Vanessa C. Tyson, a professor of political science from California, recently came forward to say she was sexually assaulted by Mr. Fairfax during the 2004 Democratic National Convention in Boston. It began with kissing that was “not unwelcome,” she said, but quickly escalated into nonconsensual oral sex.

A second woman, Meredith Watson, accused Mr. Fairfax of raping her in 2000 while they were students at Duke University. She said the assault was similar to the one described by Dr. Tyson.

Mr. Fairfax has denied the accusations and called for an investigation.

While Mr. Fairfax and Mr. Northam have both been besieged by calls to step down, Mr. Fairfax is now the one facing an imminent threat of removal. A Democratic state legislator has vowed to introduce articles of impeachment if Mr. Fairfax does not quit by Monday.

Impeachment and removal would require a majority vote in the Virginia House of Delegates and support from two-thirds of the State Senate, experts said. Virginia’s legislature is narrowly controlled by Republicans, although Mr. Fairfax has also lost support within his party.

“Things look rather dim for him,” said Larry J. Sabato, the director of the Center for Politics at the University of Virginia. But he cautioned against speculation in the midst of a political storm.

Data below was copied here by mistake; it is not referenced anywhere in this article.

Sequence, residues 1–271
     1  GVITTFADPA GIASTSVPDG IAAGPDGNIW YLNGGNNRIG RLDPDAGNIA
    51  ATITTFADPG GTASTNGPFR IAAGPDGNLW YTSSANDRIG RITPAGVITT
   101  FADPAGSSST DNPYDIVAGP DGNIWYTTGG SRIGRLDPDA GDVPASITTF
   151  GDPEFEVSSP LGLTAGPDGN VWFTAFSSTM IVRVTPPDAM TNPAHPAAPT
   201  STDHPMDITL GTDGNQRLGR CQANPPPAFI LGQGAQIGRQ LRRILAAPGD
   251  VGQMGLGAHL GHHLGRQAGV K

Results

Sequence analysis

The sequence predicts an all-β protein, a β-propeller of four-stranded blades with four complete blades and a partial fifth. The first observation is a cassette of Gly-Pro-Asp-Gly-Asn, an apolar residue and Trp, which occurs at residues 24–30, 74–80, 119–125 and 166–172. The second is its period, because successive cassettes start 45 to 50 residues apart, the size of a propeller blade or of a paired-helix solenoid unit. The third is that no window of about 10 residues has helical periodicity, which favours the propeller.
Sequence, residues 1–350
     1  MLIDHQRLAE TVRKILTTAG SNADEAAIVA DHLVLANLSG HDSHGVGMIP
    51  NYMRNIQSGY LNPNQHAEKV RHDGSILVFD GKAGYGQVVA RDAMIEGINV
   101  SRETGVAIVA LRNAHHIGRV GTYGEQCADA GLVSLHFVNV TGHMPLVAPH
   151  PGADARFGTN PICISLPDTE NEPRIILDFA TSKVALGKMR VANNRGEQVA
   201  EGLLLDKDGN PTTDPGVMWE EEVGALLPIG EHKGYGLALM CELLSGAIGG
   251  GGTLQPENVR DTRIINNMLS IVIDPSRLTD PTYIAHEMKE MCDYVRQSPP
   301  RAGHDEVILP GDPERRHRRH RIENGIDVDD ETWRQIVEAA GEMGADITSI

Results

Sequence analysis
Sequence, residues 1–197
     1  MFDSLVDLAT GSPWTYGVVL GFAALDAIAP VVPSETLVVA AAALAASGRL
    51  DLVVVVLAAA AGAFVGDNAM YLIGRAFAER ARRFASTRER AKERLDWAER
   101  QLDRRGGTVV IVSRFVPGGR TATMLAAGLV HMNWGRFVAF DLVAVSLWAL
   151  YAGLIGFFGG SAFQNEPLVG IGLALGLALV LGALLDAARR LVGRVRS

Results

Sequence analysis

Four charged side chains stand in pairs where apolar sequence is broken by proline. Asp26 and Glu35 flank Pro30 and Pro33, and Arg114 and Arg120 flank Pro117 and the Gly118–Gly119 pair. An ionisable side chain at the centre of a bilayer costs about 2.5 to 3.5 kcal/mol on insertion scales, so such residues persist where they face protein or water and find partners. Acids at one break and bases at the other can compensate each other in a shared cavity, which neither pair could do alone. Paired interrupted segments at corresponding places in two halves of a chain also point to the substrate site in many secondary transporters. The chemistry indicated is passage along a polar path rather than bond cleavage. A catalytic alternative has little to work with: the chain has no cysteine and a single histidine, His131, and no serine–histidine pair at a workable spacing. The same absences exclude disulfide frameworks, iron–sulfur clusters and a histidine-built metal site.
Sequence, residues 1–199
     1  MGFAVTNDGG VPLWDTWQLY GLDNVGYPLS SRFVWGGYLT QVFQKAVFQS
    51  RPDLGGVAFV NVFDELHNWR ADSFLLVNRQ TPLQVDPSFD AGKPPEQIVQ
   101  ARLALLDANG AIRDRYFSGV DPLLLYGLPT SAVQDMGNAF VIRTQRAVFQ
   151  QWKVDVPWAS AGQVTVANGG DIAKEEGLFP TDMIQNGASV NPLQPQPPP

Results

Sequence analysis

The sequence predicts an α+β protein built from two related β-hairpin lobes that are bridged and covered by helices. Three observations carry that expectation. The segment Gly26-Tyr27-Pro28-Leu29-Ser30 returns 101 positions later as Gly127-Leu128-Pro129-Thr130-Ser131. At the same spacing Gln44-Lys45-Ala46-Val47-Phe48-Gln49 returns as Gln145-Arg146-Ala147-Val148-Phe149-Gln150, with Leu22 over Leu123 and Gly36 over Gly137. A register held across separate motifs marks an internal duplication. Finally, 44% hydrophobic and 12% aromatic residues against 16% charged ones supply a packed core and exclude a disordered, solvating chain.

“Remember,” he said, “a week ago, we thought the lights were out for Northam.”

There is no clear succession plan should Mr. Fairfax leave office, and because of conflicting laws and interpretations, a political fight could explode over how to replace him.

The Virginia Constitution says that when there is no explicit provision for how to fill a vacancy, the governor appoints a replacement to serve until the next regularly scheduled election. “It’s the catchall clause,” said Dr. Dinan.

Separately, a Virginia law says that if the lieutenant governor’s office is vacant, the president pro tempore of the State Senate would “discharge the duties of the office,” Dr. Dinan said. But the Constitution makes a point to say that is not the same thing as filling a vacancy, he said. The president pro tempore “is just discharging the duties temporarily,” he said.

In 1982, the attorney general’s office weighed in on the conflict in a ruling that said “the governor has the discretionary power to fill a vacancy in the office of lieutenant governor.”

Senior Virginia Democrats are making the case that Mr. Northam should appoint State Senator Jennifer McClellan to replace Mr. Fairfax. Ms. McClellan, who is black, is a longtime Richmond legislator who has a close relationship with United States Senator Tim Kaine.

But political opponents of Mr. Northam are likely to balk at allowing him to choose the next lieutenant governor, at a time when he is under a cloud of mistrust.

Either way, experts said the solution would most likely be short term, until voters could elect a long-term replacement in a special election in November.

“There is no way to know for sure how this is going to play out,” Dr. Sabato said.